3 a : the act or power of seeing : sight
What shapes my vision? The good experiences I've had or the bad ones? While our experiences doubtless influence us, at some level, I can choose how to see things and people. I can put on glasses that let me view the world through a prism of the painful things I've experienced or I can choose to see the world through the healing I've experienced.
J and I are a few days behind in watching Lost, so last night we watched the most recent episode. It's been striking to me how closely I have identified with the various characters' brokenness this season. In the most recent episode, I tried not to identify with Benjamin Linus. I didn't want to change my image of him and I certainly didn't want to empathize with him, but by the end of the episode, I felt like he was me (the same way, I might add, I felt two weeks ago about Jack Shephard and a bit less so about Sayid last week). I think I relate so much to Ben and Jack because they have fathers that fail them - and they are shaped by that. It influences the way they see their world and others.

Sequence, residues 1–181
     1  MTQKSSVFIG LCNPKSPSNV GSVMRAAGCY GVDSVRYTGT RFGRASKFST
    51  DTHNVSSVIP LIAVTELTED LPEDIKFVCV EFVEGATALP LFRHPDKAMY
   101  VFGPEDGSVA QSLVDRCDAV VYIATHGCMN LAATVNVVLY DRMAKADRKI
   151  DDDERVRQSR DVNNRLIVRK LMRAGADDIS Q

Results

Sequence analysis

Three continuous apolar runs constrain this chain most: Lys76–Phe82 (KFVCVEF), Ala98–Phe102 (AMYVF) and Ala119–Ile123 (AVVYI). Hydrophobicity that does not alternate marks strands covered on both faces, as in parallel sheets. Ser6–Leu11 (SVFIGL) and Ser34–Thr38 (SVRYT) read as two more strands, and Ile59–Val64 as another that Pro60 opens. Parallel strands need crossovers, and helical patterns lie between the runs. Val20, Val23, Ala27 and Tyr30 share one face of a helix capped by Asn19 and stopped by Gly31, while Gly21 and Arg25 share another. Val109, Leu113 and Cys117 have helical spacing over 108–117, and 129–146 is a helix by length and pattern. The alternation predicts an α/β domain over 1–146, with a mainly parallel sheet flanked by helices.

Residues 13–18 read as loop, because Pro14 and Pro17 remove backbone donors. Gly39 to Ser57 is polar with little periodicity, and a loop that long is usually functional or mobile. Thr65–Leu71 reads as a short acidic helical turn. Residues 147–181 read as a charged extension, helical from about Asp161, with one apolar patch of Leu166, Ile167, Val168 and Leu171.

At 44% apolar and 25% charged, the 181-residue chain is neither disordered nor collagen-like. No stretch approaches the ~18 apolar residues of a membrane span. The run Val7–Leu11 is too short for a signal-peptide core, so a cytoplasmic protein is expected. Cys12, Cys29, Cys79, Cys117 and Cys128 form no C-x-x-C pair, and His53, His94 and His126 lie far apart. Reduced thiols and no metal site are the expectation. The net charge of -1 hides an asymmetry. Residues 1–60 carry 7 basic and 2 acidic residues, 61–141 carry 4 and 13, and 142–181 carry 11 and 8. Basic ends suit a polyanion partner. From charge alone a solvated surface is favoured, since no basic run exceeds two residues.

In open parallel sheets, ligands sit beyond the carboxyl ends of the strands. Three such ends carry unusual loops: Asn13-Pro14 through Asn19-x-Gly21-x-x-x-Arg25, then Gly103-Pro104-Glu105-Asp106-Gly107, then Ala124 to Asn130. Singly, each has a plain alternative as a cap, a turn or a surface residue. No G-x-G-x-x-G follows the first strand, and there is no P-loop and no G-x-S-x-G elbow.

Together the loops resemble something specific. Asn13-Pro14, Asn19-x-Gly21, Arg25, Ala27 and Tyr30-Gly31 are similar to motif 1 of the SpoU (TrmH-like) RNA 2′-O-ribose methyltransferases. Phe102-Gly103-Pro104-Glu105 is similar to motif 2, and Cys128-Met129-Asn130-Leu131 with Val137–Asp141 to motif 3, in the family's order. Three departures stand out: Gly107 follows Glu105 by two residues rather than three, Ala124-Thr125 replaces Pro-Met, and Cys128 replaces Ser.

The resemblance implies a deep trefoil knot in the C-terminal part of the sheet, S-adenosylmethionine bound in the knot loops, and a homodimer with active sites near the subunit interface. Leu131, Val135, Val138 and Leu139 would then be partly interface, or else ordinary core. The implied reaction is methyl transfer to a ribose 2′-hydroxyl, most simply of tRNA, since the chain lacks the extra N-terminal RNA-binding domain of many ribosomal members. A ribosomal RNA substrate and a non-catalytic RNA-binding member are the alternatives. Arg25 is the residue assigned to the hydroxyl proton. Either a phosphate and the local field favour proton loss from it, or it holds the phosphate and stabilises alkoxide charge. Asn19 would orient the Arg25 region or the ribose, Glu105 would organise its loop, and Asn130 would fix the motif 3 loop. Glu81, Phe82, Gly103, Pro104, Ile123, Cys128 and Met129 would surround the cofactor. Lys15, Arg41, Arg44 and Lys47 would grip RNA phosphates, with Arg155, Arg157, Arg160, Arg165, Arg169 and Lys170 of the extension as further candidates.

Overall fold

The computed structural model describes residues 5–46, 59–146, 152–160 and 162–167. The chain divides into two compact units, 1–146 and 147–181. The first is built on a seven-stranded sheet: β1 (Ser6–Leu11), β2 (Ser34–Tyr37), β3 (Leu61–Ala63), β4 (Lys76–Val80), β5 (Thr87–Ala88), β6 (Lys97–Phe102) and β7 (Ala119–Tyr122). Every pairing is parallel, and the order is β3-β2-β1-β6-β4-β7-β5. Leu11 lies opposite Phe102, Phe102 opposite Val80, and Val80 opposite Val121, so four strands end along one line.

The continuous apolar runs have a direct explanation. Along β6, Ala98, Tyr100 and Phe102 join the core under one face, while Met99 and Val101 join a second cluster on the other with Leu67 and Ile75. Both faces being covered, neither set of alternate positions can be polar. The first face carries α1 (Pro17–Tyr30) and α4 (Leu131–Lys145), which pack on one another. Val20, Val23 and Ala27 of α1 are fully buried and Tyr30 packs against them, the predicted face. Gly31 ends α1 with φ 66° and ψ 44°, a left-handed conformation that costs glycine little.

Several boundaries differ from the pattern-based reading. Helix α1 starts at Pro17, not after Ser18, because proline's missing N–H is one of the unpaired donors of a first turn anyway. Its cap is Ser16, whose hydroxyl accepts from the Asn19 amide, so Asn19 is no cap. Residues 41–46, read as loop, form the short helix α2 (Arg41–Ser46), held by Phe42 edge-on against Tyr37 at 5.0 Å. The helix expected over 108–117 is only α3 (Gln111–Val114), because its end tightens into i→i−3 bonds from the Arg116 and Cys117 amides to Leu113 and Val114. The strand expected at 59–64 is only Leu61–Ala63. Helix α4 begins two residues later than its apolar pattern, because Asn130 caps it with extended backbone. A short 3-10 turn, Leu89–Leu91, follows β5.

My own experiences certainly shape the way I see others. Depending on the day, I might be judgmental of someone who struggles with something I have experienced and overcome or I might have compassion towards them, remembering the challenge that it was for me. I don't always want to see others with a vision of compassion because it reminds me of my own pain and asks me to walk through it again. That's something I would prefer not to do - for Jack Shephard, Ben Linus or a real, live friend. I prefer to see their capabilities, their skills, their gifts - and perhaps, in a weak moment, use them to recriminate myself for not being more like them - more whole, less broken. Seeing other broken people reminds me of how broken I am.
But maybe I am at my best - or most authentic - when I am willing to be broken. Maybe when I don't hide behind my cool white sunglasses, others are able to see themselves reflected in my eyes. Maybe when I see them clearly, they know they are being seen - and maybe that makes them feel normal, known, even loved. And if I have to use a compassionate form of vision to do this - one that leaves me vulnerable in both seeing and being seen - maybe that is worth it.
Even more importantly, if I will train my vision to be one of compassion, maybe I will be able to see myself not as I think I am or think I should be, but as I was made to be. Because sometimes my vision of myself could use more compassion and less judgment.